Taste Bud Profile
As a New Yorker I might get in trouble for saying this—but I think about Kevin Crowley's bagels at The Lox in Columbus. A lot. During our interview, he told me about memories of his father, mother, and aunt cooking that ended up sticking with him and keeping him going through the process of opening your own restaurant. It struck me that the adults in his life, many of whom discouraged him from making food his profession, had made such a huge impression and didn't even realize it. I love how conscious Kevin and his wife are about including their kids in their food experiences, and also—I just can't wait to get my hands on another Lox bagel.
Kevin Crowley: My mom was the one who cooked all of my family meals, but—and she’ll tell you this herself—she wasn’t great at it. My dad worked a ton and would often come home after we had all eaten dinner, and would make dinner for himself. I can remember the anticipation waiting to see what he would whip together from what seemed like absolutely nothing to me. Garlic, olive oil, pasta—I was blown away at the simplicity of the ingredients and how delicious they were together. I remember grabbing a fork and diving in and just constantly being amazed by his ability to create this meal out of what seemed like nothing.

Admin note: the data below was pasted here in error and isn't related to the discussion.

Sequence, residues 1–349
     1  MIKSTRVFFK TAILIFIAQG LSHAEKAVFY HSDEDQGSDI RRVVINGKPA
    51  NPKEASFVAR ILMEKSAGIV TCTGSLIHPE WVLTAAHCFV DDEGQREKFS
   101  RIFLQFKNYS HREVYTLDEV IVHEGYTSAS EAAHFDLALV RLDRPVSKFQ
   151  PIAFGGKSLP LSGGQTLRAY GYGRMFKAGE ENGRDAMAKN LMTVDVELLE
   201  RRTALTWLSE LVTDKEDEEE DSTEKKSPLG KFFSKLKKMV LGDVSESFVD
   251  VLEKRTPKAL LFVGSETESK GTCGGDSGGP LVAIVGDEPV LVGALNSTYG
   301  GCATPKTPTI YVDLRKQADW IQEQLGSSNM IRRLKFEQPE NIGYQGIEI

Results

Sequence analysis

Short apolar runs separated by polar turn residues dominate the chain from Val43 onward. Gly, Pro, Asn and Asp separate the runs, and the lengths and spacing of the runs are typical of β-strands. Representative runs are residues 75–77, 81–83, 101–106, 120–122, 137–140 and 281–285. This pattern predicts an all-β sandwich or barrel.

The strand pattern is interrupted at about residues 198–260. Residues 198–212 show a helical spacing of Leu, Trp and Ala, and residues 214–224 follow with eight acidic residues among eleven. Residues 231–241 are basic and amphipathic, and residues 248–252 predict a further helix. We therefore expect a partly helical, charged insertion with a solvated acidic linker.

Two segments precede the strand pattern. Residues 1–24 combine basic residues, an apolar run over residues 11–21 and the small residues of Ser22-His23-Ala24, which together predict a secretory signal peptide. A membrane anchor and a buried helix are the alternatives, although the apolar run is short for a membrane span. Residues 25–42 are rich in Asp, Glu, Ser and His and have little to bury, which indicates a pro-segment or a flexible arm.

My ethos of “simplicity is key” comes directly from my father and that pasta. I want to take out all the non-essentials and really showcase the heart of the food. I also had an aunt who was a fantastic baker. I remember the cake she made for my first communion. It was one of the most delicious cakes I have ever tasted, and it’s still the benchmark by which I judge all cakes.
These memories are really important to me because we were not a “foodie” family, and it wasn’t a huge part of our lives. I grew up in what was not exactly a food desert, but certainly a place where it’s hard to find a place to eat that isn’t a chain or a pizza joint. I hold on to these memories to remind myself of where my passion comes from—my family said many times that “food isn’t a good profession” and I refer to those memories of my father and my aunt as justification for why I do what I do.
My wife and I try to do what we can to expose our kids to food in a way that I didn’t experience till the Food Network came along. I really had my eyes opened by the advent of TV shows that showed chefs cooking with any ingredient you can imagine and creating flavor profiles I had never thought of. For my kids, we don’t alter their meal plan from what we’re eating ourselves. For example, if we’re eating Szechuan food, we’re finding something on that menu for them to eat as well, not dumbing it down or allowing exceptions. I think it stops them from thinking that they can default to chicken nuggets because it’s just how dinner is for us.
Food is just being nice to people. Be caring.
Do what you can do well as well as you can do it, and then share it. If you put in all of that effort up front, you stand a really great chance of making someone’s day a little better.